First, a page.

Breathing a mixture of inert gases: disproportionate diffusion into decompression bubbles

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Breathing a mixture of inert gases: disproportionate diffusion into decompression bubbles

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Title: Breathing a mixture of inert gases: disproportionate diffusion into decompression bubbles
Author: Van Liew, HD; Burkard, ME
Abstract: To study the consequences of diving with gas mixtures, we simulated growth of decompression bubbles using an equation system that accounts for major determinants of bubble behavior. When breathing a mixture, bubbles are smaller than expected from linear interpolation between bubbles with either of the unmixed component gases because of disproportionate diffusion effects: a) When few bubbles form, the inert gas that permeates fastest becomes over-represented, relative to the breathing gas, inside bubbles during growth; this slows further entrance of the fast gas and enhances entrance of the slower gas. b) With N2-He mixtures and few bubbles, the over-represented gas is He in aqueous tissue, but is N2 in lipid tissue. c) When many bubbles form, the over-represented gas is the one with higher tissue solubility. Our simulations indicate that the smallest bubbles always occur with breathing of one of the component gases, but which gas that is depends on whether the tissue is lipid or aqueous and whether few or many bubbles form.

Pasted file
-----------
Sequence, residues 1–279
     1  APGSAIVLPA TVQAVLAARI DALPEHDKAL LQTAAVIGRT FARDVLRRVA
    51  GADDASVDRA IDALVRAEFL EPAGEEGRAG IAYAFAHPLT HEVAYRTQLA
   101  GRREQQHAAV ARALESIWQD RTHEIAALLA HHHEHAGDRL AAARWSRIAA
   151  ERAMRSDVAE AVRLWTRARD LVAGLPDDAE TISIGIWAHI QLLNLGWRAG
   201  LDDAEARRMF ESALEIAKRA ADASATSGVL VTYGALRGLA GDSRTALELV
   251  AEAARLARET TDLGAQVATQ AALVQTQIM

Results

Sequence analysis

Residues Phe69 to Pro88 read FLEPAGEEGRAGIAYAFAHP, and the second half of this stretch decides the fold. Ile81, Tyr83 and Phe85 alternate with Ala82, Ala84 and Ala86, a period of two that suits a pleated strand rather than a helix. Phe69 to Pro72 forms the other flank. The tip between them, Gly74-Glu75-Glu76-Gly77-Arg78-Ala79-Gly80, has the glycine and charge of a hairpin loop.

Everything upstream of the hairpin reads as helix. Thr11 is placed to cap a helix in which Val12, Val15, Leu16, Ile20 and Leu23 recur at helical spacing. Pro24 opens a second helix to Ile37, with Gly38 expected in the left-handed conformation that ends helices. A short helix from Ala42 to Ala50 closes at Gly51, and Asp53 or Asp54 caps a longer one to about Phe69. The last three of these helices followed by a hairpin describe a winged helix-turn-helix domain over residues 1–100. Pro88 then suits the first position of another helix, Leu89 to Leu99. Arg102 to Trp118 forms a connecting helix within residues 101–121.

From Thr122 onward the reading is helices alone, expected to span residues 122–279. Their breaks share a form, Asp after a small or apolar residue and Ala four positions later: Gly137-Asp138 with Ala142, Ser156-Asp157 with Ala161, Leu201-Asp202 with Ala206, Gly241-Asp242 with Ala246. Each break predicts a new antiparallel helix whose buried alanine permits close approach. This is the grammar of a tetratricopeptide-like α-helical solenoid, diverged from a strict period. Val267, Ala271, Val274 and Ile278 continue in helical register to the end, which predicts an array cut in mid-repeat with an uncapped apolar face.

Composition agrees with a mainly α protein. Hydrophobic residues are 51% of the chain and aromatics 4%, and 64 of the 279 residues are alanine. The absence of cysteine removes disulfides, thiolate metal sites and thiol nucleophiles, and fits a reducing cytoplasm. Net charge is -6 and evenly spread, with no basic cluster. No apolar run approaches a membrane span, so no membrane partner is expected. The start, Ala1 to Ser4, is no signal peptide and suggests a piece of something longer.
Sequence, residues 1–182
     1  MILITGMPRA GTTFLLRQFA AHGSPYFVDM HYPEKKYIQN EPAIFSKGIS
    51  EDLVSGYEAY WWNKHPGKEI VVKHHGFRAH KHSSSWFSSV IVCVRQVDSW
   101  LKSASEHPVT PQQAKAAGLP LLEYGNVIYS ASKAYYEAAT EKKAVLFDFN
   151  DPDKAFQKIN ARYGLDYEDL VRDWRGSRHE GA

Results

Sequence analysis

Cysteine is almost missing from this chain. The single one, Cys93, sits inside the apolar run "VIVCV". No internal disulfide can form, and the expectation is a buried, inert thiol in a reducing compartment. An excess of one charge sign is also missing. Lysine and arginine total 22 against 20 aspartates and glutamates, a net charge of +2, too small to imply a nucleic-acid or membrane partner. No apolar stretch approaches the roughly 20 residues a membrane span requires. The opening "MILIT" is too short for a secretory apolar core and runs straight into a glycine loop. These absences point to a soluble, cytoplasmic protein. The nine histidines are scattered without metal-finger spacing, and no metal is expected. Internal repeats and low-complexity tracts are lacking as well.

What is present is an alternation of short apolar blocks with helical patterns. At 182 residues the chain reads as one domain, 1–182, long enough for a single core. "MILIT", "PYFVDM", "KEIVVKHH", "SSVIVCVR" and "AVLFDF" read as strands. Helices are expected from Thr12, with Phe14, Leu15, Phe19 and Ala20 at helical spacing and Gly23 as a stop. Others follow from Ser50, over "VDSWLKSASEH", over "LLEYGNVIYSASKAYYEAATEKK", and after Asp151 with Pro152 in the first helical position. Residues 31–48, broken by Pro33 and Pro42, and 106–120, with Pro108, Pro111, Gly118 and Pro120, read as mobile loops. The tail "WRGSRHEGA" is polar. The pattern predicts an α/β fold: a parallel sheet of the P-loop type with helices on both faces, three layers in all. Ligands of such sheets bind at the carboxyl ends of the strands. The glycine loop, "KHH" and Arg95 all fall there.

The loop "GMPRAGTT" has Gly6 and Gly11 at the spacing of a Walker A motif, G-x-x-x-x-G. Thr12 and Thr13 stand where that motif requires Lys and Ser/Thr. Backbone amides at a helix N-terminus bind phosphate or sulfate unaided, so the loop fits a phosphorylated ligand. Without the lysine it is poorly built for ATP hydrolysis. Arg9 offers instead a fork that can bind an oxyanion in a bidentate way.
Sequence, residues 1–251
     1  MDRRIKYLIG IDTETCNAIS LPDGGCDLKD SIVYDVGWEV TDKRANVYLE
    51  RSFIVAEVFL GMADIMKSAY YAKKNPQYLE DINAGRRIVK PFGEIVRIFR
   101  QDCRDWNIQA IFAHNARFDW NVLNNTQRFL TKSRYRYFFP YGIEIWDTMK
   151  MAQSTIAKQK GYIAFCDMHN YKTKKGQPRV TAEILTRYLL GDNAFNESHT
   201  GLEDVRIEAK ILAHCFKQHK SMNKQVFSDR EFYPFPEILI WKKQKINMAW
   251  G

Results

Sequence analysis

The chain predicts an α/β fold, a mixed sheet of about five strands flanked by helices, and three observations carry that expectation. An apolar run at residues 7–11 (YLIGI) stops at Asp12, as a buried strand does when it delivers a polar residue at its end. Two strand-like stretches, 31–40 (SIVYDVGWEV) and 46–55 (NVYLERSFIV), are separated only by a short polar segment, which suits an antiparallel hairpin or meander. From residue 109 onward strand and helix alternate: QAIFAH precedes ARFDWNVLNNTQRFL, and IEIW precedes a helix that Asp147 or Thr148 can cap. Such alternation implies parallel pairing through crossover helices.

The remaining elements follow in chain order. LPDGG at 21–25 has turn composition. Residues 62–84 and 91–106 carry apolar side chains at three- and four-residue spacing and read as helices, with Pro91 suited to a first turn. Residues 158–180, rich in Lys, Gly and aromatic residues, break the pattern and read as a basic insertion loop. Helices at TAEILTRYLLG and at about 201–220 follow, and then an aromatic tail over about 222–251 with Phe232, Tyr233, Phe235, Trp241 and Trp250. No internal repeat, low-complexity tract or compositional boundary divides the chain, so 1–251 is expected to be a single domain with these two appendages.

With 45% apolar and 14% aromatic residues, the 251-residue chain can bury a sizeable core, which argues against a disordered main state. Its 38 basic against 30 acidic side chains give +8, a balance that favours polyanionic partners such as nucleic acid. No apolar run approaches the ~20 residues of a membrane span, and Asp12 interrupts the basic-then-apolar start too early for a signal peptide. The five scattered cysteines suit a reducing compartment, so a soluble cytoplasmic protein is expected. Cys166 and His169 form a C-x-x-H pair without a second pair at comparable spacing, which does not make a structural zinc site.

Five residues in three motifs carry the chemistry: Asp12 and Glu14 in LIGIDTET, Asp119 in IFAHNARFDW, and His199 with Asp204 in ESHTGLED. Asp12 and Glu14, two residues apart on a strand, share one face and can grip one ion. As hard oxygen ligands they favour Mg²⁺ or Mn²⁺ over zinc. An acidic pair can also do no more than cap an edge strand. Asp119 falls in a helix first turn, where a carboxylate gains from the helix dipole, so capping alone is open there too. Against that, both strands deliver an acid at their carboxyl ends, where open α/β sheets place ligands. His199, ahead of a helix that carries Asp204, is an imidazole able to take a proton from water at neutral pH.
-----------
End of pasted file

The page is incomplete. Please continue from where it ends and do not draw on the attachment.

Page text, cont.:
Description: Undersea and Hyperbaric Medical Society, Inc. (http://www.uhms.org )
URI: PMID: 8653060
http://archive.rubicon-foundation.org/2248
Date: 1996

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